The primary utility for the particles produced by the aerosol procedure is as an intermediate in the production of dense, tough, cast bodies by the soot casting technique. This process requires:
a. Small particle size. Reduction of the high surface area of particles tenths of microns in diameter provides the driving force for densification during sintering.
b. Close packing of particles. This provides good green density, and is achieved through high volume loading of solids in the precursor colloid. Loading up to 30% by volume has been achieved.
c. Uniformity in packing. This insures uniform densification during sintering.
The particles are dispersed in a suitable medium by means of known dispersants. This forms a fluid colloid that may be cast in desired form, as by pouring in a mold and then exposed to a gelling agent.
Dispersing media and dispersants are widely used and commercially available. The medium and the dispersant must be compatible. For present purposes, the ability to maximize loading of solids, without adversely compromising the viscosity necessary for handling and molding, is important. Ultimately, of course, the colloid must respond positively to a gelling agent to provide a uniformly dense, green body. However, it may also be desirable that the colloid have good stability in the event the gelling process is delayed.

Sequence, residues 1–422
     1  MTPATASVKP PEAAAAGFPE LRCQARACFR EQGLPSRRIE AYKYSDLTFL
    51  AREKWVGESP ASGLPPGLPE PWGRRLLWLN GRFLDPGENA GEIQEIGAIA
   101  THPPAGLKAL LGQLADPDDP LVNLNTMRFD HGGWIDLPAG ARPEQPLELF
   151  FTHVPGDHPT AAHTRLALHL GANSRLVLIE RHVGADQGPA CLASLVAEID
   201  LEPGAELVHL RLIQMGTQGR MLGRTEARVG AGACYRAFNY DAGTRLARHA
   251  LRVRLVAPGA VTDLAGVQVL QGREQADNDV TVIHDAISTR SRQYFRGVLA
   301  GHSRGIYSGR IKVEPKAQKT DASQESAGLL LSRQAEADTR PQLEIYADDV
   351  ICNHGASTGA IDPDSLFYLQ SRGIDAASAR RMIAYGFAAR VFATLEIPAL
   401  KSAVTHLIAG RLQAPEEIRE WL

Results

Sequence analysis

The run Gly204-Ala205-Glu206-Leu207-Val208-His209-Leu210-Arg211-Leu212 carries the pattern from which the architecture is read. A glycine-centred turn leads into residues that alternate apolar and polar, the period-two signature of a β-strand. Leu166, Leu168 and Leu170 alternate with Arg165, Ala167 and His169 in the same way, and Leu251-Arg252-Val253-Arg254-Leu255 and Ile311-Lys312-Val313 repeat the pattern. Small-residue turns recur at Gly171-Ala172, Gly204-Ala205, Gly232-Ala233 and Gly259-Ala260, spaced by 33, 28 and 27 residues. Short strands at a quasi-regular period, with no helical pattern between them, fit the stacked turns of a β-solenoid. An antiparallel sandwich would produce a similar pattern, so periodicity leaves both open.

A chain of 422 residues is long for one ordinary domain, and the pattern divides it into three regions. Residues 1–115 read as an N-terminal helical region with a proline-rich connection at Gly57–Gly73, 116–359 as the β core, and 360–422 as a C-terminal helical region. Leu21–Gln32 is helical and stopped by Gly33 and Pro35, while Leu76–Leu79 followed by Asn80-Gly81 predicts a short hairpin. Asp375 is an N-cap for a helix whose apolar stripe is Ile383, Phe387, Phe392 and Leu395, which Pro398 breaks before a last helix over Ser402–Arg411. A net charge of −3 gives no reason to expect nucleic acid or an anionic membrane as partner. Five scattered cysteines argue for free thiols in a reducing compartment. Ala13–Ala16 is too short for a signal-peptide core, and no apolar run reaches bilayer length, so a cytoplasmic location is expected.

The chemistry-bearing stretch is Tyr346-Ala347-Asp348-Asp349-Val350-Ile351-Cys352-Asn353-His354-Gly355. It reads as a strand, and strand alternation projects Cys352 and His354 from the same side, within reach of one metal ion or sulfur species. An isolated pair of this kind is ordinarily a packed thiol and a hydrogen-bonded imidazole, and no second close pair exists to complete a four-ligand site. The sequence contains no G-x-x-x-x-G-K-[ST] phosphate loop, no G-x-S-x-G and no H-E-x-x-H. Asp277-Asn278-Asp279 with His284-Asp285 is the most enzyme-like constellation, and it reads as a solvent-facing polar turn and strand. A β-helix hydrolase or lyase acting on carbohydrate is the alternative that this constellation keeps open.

We have found that chloroform, methylene chloride and various alcohols are excellent media for dispersing enstatite particles. Particularly effective dispersants are Triton X-171, (an alkylaryl polyether alcohol and sulfonate blend containing 15% xylene, 75-80% octylphenoxy polyethoxyethanol and 5-10% calcium dodecylbenzene sulfonate) and Triton W-30 (an aqueous solution containing 27% sodium alkylaryl ether sulfate, 27% 2-propanol and 46% water). All percentages are by weight.
Combinations of medium and dispersant found successful were:
1. Chloroform plus X-151, X-171, W-30, or stearic acid.
2. Methylene plus X-171.
3. Methanol plus methylene chloride or chloroform.
4. Propanol plus X-151.
A four step process is used to homogenize an enstatite particle colloid prior to gelling. First, the colloid is subjected to intense shaking, as on a paint mixer. The colloid is then subjected to a high shear mixer for up to ten minutes. Next, the colloid is degassed in a vacuum sufficient to cause bubbles to emerge, but not to result in boiling. Finally, the material is subjected to an ultrasonic bath for several minutes to complete degassing.
The homogenized colloid may then be poured into a container or mold of desired shape. The colloid is then exposed to a gelling agent. This may be flowing ammonia gas or ammonium hydroxide. The semi-solid gel may then be dried in air to a crack-free body. The dried gels are sufficiently rigid so that they can be readily sawed and cut to smooth pieces without crumbling.